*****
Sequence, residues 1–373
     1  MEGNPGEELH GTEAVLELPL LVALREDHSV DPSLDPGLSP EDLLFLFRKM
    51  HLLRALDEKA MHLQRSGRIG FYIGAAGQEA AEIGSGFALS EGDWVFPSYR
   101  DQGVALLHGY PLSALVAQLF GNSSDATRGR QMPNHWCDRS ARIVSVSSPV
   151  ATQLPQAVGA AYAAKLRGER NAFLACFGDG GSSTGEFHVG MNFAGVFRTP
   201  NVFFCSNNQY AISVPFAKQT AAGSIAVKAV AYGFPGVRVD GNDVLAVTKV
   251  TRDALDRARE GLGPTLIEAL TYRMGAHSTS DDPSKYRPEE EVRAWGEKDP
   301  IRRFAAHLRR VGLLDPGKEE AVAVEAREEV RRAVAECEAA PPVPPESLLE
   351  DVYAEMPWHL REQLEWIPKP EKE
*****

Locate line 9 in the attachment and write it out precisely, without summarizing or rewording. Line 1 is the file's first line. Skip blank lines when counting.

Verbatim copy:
   351  DVYAEMPWHL REQLEWIPKP EKE